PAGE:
Culture History Lifestyle Politics

5 things about Putrajaya you might not know

PS: If you’d like more stories like this, please subscribe to our¬†HARI INI DALAM SEJARAH Facebook group ūüôā

The 1st of February is¬†Federal Territory day!¬†KL always gets the glory on Federal Territory day, notice how it’s Federal Territory and not Federal Territories?¬†Sure, it’s supposed to commemorate the day KL was transferred to the federal government, but there’s ANOTHER city we regularly neglect. Yes, it’s in the title. PUTRAJAYA!

The PM's office in all its magnificent grandeur. Image by Adam Lai on Flickr

The symbol of Putrajaya, the PM’s office in all its magnificent glory. Image by Adam Lai on Flickr

The pearl of Tun M’s Malaysia, filled with glistening buildings across a picturesque lake. Meticulous planning went into every detail, from the distance between neighborhoods¬†and¬†the main avenue (inspired by¬†the Champs-√Člys√©es in Paris!)¬†to the shapes and sizes of walkways. And of course, buildings so big they make KL’s offices look cramped.

Well it’s been exactly 18 years since the¬†first staff of the Prime Minister’s office moved into Putrajaya. So¬†let’s¬†take a look at how it all started, how things turned out and take a peek at what the future might¬†hold for¬†the national capital.

 

1. Putrajaya was originally land gifted to Ang Moh soldiers who used it to make rubber trees bonk

This is the story of Air Hitam, a bleak piece of backwater (blackwater, heh). After the First World War¬†aka The Great War,¬†the British¬†gave the land to some soldiers as recognition for their services. The soldiers¬†created an estate and company in 1921, which they named Perang Besar (translated to ‘Great War’, you know, since that’s how they got the land) with the aim of breeding some of the newest and most hi-tech¬†trees.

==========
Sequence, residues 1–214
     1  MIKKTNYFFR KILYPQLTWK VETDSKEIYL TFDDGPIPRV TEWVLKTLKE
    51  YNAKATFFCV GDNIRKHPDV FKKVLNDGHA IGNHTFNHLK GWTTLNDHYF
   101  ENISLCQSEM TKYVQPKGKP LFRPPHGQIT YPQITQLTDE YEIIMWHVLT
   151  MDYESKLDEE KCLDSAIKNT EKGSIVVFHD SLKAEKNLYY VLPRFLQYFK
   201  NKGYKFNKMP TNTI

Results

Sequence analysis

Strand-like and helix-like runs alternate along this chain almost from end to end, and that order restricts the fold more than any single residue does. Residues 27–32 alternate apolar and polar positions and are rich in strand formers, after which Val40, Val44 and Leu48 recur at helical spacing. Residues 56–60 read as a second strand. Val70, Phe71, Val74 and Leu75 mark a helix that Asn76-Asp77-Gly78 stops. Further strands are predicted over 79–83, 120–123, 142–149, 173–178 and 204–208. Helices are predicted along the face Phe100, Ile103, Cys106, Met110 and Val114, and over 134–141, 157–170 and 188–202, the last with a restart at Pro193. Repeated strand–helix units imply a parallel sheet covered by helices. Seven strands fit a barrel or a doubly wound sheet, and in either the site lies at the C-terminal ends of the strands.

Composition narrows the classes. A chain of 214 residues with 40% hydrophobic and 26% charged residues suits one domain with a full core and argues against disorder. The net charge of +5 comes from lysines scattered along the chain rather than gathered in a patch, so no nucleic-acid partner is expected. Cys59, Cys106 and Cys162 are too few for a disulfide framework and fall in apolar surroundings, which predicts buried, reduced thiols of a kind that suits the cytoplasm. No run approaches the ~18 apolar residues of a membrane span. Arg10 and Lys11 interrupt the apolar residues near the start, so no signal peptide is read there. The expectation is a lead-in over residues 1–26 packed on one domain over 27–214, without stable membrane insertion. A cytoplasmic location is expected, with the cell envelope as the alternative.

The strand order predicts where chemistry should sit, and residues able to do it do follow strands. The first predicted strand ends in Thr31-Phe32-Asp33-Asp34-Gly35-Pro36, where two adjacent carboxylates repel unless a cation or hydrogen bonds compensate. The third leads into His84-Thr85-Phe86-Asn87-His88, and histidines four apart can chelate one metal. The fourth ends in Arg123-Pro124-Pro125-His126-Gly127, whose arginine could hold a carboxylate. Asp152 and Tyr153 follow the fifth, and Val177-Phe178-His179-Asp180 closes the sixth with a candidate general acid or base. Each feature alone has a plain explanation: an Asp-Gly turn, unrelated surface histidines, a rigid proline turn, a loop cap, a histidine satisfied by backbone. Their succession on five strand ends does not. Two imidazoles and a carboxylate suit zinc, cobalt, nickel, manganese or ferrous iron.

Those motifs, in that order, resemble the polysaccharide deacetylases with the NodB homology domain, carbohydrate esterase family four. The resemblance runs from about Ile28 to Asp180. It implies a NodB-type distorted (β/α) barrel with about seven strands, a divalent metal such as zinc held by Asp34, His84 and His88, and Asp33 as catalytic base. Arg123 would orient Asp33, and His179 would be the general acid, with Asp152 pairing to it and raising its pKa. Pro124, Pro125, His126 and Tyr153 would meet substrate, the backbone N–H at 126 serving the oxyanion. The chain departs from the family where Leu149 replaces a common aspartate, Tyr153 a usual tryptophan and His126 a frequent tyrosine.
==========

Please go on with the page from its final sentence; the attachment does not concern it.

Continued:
Estate workers sorting seeds. One. By. One. Image from Arabis.org

Estate workers sorting seeds. One. By. One. Image from Arabis.org

They dabbled with seed selection and¬†budgrafting¬†(a way to get the trees to reproduce while selecting for desired traits) until they got the tree they wanted, which they named PB 86 (Perang Besar 86). PB 86 was so successful that¬†clones of the parent PB 86 plant¬†continued to be used¬†up til the 80s.¬†Many of today’s modern rubber trees can actually trace their genetic roots to this specific PB 86 clone!

The family tree of our favourite palm tree! Original lineage by Liyanage on Researchgate

The family tree of our favourite rubber tree! Original lineage by Liyanage on Researchgate

It’s no secret that¬†rubber was vital to Malayia’s economy, with the country¬†supplying a whopping half of the world’s rubber by 1930.¬†And there’s a sort of poetic justice to be seen here, the estate which originally seeded the foundations of our economic growth¬†would later become the¬†literal foundations of the nation’s capital. In fact, rubber last year has surpassed palm oil in contribution to the nation’s economy. (Geddit, cos¬†rubber represented our initial monetary capital and Putrajaya, the nation’s new capital, and its buildings are built on Perang Besar?¬†Don’t you love it when jokes are explained???)

 

2. Putrajaya was almost built in… Janda Baik, Pahang!?

The original 6 sites. By 1993, the government had narrowed it down to two; Prang Besar and Janda Baik. Image from the Putrajaya Planning Concept and Implementation by Ho Chin Siong

The original 6 sites. We kinda wish they’d have gone with 5: Kenaboi Plains though, think of all the Star Wars and Prequels memes we could make! Image by Ho Chin Siong

As the story goes, KL in the 90s was getting congested and the federal government decided it would be more efficient to move elsewhere to avoid the jam. The government by 1993 had shortlisted two possible sites for its new capital, Perang Besar in Selangor and Janda Baik in Pahang.